Do yourself a favor, find some deals here - even if you pay a bit of premium - it's well worth it, it will save you embarrasment at the customs, as well as substantial amount of $$$$$ that could be used for the better uses.

On the other hand - if you decide to ignore my advise and choose to look for some awards in Kiev - go to the places other than Khrechatik Street or Andreyevskiy Spusk.

On the left bank of the Dnieper, there's park called Victory Park (they may have changed the name recently, you'll have to double check). Over there there's an exhibition/performance center where coins/awards collectors gather on the weekends.

But again, be extremely careful over there. As soosn as the locals spot a foreigner with the $$$$ - you may be a subject of a scam or even a robbery.

Best,

William

Last edited by CtahhR; 01-27-2014 at 08:45 PM.
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Old 02-28-2003, 11:50 AM   #19
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I think the golden times (hell times for russians) has gone away, and you can't find nice pieces (the exception is by the way of guys specialy doing researches all over the country for big dealers all over the country)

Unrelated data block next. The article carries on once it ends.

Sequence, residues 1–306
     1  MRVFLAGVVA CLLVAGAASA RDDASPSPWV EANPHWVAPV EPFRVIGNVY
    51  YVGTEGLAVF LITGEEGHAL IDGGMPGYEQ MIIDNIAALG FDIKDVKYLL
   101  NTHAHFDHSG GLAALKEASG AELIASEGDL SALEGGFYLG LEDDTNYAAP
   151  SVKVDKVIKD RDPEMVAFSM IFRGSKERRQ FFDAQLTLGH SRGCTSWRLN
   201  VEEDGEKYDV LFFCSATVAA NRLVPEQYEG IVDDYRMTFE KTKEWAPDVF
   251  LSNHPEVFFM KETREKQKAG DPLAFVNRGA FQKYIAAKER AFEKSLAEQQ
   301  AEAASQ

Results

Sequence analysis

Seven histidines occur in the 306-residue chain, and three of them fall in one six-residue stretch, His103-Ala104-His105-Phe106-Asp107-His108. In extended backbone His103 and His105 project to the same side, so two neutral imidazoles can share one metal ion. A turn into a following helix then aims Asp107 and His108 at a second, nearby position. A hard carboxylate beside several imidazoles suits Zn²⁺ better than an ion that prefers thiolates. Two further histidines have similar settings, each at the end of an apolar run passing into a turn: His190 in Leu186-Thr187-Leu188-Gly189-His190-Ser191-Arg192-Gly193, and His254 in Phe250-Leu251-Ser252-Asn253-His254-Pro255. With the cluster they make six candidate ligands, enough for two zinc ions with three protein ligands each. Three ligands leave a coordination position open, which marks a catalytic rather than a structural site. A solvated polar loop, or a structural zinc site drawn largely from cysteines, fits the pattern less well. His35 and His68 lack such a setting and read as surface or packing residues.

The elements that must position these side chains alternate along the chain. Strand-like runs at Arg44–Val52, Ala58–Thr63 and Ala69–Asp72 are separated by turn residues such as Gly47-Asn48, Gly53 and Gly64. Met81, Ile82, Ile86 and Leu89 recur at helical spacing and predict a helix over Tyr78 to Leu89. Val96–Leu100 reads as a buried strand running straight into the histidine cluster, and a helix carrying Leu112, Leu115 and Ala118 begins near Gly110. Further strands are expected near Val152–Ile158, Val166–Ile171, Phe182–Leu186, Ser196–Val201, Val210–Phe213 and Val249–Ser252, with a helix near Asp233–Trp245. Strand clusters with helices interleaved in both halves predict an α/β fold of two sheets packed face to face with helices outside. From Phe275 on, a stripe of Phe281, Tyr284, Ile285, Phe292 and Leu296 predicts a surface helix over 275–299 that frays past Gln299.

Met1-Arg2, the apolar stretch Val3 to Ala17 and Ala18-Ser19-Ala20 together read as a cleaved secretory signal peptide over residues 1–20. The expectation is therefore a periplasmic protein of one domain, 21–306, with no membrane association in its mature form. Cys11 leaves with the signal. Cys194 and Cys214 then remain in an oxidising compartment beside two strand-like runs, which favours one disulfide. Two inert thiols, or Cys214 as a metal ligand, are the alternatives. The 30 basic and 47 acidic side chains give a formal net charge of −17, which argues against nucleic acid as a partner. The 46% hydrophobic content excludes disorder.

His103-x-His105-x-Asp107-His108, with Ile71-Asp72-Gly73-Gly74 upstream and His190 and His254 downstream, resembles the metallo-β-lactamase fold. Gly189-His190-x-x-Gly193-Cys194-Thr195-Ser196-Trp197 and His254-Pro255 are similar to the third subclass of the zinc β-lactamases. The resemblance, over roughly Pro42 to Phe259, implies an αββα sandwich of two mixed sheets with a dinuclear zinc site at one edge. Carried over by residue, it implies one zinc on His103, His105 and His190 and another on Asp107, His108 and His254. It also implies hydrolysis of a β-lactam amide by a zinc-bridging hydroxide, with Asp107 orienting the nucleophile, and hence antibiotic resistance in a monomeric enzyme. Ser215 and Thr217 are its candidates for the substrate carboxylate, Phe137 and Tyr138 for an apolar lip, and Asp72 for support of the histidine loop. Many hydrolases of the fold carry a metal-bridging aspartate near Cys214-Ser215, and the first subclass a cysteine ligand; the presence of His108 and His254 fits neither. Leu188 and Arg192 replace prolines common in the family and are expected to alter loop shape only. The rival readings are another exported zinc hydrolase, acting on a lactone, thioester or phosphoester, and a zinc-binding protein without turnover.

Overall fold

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Old 02-28-2003, 12:10 PM   #20
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rule 1..

I have been dealing in higher end soviet items for about 6 years and have been over there 3 times in the past 5 years. I deal with people who know how to get stuff out, so I NEVER carry stuff out on my omy person, not even order copies. The hassle is just too much. I was with a friend this past year and he got stopped in every airport we went into simply because he has a copy Lenin and a copy Kutz2 in his bag. They lit up the machines and the guys know what to look for. We were able to convince each inspector that they were fake, and he got them out. However, he could have gotten them over here for a few bucks more. There are no great bargains (the prices in Kiev and Moscow were just as high as over here, and they had lots of copies) over there, so prices are not going to be a factor in most cases. The only reason to do it is if you see something over there that you can't get here. I have done that with high end uniforms and flags but I can't see doing it unless you collect maybe 1920's repubic awards or something. In that case, like with high end uniforms and such, you need to know who to ask as they won't openly display the stuff.

I have to wait about 2 months for my uniforms to come over, but they pretty much always do. Only once was a load lost, on land, leaving Ukraine.